Here’s the real story on jellyfish taking over the world

‘Spineless’ searches for the truth about these enigmatic creatures

lion's mane jellyfish

UNDER THE SEA  The new book Spineless explores the fascinating world of jellyfish (lion’s mane jellyfish, shown).

Nature Photographers Ltd/Alamy Stock Photo

Juli Berwald
Riverhead Books, $27

Jellyfish have gotten a bad rap. In recent years, concerns about rising jellyfish populations in some parts of the world have mushroomed into headlines like “Meet your new jellyfish overlords.” These floating menaces are taking over the world’s oceans thanks to climate change and ocean acidification, the thinking goes, and soon waters will be filled with little more than the animals’ pulsating goo.

It’s a vivid and frightening image, but researchers aren’t at all certain that it’s true. In her new book, Spineless, former marine scientist Juli Berwald sets out to find the truth about the jellyfish take-over. In the process, she shares much more about these fascinating creatures than merely their numbers.

Among a few of the amazing jellyfish facts and tales throughout the book: Jellyfish have astoundingly complex vision for animals without a brain. They are also the most efficient swimmers ever studied, among the most ancient animals surviving on Earth today and some of the most toxic sea creatures (SN: 9/6/14, p. 16).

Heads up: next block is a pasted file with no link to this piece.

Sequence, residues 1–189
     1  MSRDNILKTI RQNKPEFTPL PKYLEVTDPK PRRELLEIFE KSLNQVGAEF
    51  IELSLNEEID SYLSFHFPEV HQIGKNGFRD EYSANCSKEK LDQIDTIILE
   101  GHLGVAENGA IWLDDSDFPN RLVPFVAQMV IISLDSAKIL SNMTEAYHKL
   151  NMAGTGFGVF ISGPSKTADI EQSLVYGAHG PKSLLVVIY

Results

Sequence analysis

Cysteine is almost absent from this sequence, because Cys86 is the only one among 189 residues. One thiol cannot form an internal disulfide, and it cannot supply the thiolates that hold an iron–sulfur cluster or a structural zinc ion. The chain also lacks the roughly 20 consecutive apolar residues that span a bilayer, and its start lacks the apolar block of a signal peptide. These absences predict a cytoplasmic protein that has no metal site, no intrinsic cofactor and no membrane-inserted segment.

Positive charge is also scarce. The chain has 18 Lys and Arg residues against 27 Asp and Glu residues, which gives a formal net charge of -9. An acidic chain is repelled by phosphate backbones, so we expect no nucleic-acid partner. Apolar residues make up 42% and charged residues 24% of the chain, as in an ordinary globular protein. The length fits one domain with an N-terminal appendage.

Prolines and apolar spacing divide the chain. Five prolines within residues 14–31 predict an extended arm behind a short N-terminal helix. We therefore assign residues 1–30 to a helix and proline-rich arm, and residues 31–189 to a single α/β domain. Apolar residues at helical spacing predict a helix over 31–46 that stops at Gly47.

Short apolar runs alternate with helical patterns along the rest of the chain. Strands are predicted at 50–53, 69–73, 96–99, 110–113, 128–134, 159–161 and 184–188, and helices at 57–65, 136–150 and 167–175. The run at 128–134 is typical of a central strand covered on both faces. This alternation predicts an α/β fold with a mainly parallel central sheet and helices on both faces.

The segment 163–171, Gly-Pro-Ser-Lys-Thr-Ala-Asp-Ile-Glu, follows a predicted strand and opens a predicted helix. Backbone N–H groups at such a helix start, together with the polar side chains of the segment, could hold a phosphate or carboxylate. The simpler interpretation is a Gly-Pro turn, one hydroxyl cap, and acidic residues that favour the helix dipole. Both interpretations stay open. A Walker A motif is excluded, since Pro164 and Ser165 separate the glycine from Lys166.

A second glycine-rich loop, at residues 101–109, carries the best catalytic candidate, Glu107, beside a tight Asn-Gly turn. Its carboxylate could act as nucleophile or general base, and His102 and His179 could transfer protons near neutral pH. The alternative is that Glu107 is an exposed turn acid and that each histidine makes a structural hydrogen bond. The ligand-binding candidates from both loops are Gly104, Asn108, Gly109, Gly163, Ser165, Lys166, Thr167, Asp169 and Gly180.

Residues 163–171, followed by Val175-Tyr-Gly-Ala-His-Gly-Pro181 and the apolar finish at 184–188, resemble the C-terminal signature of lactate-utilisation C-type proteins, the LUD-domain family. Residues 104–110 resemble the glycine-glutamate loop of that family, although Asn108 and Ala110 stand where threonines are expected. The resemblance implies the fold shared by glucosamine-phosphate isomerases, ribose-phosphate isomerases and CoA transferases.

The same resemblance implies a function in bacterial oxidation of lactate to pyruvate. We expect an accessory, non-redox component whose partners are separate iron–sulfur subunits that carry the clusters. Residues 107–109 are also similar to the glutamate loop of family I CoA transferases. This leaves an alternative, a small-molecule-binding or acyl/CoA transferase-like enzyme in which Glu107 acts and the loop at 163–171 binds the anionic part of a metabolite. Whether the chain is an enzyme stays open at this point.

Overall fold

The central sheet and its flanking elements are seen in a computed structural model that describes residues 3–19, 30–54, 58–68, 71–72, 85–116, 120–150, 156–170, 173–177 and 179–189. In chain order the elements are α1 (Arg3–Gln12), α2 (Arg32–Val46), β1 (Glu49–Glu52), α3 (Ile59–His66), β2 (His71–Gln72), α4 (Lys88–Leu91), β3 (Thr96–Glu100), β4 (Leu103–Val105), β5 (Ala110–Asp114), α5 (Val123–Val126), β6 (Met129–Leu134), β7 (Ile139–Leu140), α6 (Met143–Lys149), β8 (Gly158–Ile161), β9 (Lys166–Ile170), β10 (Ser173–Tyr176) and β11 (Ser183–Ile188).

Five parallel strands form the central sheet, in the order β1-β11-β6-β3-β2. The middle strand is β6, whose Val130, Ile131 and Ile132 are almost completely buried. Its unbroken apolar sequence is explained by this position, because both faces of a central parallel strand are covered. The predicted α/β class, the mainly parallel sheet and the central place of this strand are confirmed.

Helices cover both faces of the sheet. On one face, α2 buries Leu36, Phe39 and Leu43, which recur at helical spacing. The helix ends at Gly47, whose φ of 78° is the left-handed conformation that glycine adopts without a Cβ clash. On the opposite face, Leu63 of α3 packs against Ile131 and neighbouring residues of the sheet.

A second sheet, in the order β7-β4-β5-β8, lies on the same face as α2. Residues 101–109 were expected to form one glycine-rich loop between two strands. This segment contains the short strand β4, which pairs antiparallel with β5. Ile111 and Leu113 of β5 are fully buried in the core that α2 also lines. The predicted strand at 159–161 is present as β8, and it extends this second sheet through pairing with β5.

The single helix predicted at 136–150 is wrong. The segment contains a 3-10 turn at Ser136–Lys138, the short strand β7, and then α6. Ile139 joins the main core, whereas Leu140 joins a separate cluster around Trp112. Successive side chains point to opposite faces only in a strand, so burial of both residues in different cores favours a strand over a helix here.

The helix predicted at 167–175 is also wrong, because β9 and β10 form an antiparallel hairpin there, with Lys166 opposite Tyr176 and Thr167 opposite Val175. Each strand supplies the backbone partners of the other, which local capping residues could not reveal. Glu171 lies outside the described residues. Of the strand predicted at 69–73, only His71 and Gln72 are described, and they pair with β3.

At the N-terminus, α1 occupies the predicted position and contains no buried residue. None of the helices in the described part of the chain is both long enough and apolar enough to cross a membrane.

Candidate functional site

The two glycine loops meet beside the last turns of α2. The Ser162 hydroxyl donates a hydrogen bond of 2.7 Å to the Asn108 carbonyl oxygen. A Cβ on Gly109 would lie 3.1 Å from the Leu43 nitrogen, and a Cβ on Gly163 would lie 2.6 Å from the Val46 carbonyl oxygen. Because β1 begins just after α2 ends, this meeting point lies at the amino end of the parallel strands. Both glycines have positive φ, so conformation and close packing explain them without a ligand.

Rather than merely reciting these facts, Berwald takes readers on a personal journey, tracing how life pulled her away from science after she earned her Ph.D. — and how jellies brought her back. Through the tale of her experiments with a home jellyfish aquarium, she explains jelly biology, from the amazing shape-shifting properties of the mesoglea that forms a jellyfish’s bulk to why so many species are transparent. As she juggles family life with interviews with the world’s leading jellyfish researchers, Berwald also documents her travels to places around the globe where jellyfish and humans intersect, such as Israel’s coral reefs and Japan’s fisheries.

The answer to the question of whether jellyfish populations are on the rise ultimately lies at this intersection, Berwald finds. Marine scientists are split on whether populations are increasing globally. It depends on which data you include, and it’s possible that jellyfish numbers fluctuate naturally on a 20-year cycle. What is clear is that in coastal areas around the world, people have unwittingly created spawning grounds for huge numbers of jellyfish simply by building docks and other structures that quickly multiplying jellyfish polyps can attach to.

In the end, Berwald says, jellyfish became a “vehicle for me to explore the threats to the ocean’s future. They’re a way to start a conversation about things that can seem boring and abstract — acidification, warming, overfishing and coastal development — but that are changing our oceans in fundamental ways.” And that’s more interesting than an ocean full of goo.

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Erika Engelhaupt is a freelance science writer and editor based in Knoxville, Tenn.

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